“We wish to see Jesus.” Greeks ask this question of Philip. What did they really want? Did they want to talk to him? Ask him questions? Did they want to see him in action? Did they want to see him perform a miracle? Did they want to see for themselves what others had told them? We don’t know. And even more interesting, we don’t know if their request was granted. We don’t know if they saw Jesus. But we don’t know what happens to them. Having asked the question, they seem to leave the stage and are not heard from again. We don’t know their fate, but we do know that from the gospel writer’s perspective, this encounter is of great significance. At the very least, we are meant to consider that here at last, in this final public discourse, Jesus is addressing not only his closest companions and a larger Jewish audience, he is speaking to the whole world.
We don’t know if they saw Jesus; we don’t know if they heard Jesus. And what Jesus says when he hears of their request is not exactly clarifying (it rarely is in the Gospel of John). But if we reflect on Jesus’ words, we can begin to discern what the gospel writer wants us to understand about Jesus.
First, that word “glorification” again. I said last week that it’s an important word in John, important for making sense of John’s understanding of Jesus. Glorification, exaltation, refers to Jesus’ crucifixion (being lifted up) but it also refers to the whole event of crucifixion, resurrection, and ascension.
Second, discipleship, or relationship—For John, following Jesus means being in relationship with Jesus. That is expressed in a number of ways, in the coming chapters, above all in “love”—In chapter 1 and elsewhere, that good old word “abiding” is also used—being with Jesus. Here, discipleship is expressed in terms similar to the other gospels, to save one’s life, one must lose it, service.
So it’s not enough to “see” Jesus. One must experience Jesus. More importantly, one must not let one’s expectations and assumptions preclude the possibility of a transformative encounter. In this passage, both sight and hearing are mentioned and it’s interesting to note that just as we don’t know whether the Greeks “saw” Jesus, we do know that the sense of hearing failed some of those in attendance. They could not understand the voice from heaven. We can also infer that they couldn’t understand what Jesus was saying.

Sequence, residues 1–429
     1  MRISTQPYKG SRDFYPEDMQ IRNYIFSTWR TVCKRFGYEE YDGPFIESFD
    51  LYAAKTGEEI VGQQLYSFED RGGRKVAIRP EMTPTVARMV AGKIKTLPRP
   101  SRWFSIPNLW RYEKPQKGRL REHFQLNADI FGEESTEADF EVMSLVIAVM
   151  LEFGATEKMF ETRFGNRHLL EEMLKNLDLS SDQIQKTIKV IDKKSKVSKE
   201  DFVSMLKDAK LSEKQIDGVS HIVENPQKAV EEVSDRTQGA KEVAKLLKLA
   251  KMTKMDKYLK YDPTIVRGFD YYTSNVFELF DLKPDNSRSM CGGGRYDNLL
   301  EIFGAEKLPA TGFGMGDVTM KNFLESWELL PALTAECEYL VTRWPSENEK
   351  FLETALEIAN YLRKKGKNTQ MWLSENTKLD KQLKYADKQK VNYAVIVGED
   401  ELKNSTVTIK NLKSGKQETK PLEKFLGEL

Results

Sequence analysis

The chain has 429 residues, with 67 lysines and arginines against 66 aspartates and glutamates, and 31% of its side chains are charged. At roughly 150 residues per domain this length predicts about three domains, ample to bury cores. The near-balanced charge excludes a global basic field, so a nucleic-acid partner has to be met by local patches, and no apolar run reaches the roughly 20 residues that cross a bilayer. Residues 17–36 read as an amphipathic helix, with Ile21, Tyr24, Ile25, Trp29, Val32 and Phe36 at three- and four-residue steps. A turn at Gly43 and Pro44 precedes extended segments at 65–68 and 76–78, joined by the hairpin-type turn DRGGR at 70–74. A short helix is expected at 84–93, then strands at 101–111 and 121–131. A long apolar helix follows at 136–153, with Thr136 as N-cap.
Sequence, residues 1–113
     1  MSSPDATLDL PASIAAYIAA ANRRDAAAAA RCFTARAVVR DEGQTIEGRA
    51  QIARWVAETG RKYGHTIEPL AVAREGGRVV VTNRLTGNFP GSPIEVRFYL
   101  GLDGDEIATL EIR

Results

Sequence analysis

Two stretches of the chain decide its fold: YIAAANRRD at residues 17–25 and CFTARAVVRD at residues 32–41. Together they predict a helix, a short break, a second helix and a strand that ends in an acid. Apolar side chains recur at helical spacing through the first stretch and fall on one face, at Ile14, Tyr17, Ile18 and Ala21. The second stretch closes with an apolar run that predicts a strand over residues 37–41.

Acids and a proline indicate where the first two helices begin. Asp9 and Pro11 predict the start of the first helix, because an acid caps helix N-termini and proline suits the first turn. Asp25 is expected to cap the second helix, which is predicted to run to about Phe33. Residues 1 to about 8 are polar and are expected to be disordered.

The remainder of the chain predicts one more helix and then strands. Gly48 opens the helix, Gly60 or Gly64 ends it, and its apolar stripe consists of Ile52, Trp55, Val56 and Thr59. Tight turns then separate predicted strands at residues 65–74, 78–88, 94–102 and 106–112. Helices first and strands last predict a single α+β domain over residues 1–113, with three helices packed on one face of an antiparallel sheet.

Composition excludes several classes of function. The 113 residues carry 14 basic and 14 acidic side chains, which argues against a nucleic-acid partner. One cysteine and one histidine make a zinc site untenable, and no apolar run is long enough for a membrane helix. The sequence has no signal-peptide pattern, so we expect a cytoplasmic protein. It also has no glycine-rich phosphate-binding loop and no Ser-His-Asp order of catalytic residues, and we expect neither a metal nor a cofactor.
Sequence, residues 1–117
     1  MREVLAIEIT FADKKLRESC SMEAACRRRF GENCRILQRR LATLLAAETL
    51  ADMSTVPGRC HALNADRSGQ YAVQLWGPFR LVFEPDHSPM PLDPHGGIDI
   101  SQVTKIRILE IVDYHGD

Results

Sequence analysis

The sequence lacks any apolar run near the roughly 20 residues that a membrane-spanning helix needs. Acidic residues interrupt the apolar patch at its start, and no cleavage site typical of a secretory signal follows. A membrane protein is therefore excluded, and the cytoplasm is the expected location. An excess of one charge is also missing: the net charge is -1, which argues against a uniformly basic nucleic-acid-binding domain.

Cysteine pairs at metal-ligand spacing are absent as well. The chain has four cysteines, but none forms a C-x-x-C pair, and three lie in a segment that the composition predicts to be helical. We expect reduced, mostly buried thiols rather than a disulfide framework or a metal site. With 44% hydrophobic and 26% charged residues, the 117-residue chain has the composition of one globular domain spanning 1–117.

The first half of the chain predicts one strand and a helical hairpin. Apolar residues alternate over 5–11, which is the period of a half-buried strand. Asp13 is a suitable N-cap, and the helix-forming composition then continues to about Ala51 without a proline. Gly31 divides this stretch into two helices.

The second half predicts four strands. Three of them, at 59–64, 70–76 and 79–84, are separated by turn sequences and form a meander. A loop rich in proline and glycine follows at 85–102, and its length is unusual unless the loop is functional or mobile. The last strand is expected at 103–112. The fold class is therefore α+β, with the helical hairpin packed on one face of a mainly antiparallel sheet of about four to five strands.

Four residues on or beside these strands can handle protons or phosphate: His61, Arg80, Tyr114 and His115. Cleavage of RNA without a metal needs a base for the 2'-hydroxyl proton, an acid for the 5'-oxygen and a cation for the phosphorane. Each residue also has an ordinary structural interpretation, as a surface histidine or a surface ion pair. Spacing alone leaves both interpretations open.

In that respect, we’re probably as much like the crowd of bystanders as the Greeks who initially posed the question. We are prevented, by our own expectations and desires, our own sins as well as our blindness and deafness, from encountering Jesus. We want to experience Jesus on our own terms, in our own way. And when we do that, we put a protective veil between us that keeps us from seeing him, from hearing his voice.
But you know what? That’s not the end of the story. In spite of our efforts to the contrary, in spite of the barriers we put up, Jesus can break through and encounter us, not on our terms but on his. The relationship to which he calls us, the relationship he offers us, is a relationship of intimacy to lay bare our souls so they might be healed. It might sound scary, and I suppose on one level it is.
But there’s more. At the end of today’s gospel, Jesus proclaims that when he is lifted up, he will draw all people to himself. His life and death, his crucifixion and resurrection, are not judgment and condemnation. They are invitation and promise.
Jesus invites us, no Jesus pulls us toward him, offering us relationship and abundant life. When we strip the veils from our faces, when we allow him to heal our blindness and deafness, we encounter and experience him in the fullness of his grace and taste the life he would have us live. As we approach Holy Week, the cross and the tomb, may we prepare ourselves to know Jesus more fully, to abide with him. May we see him face to face and help others to see him, too.
Loved your simple explanation: “We’ve always done it this way!”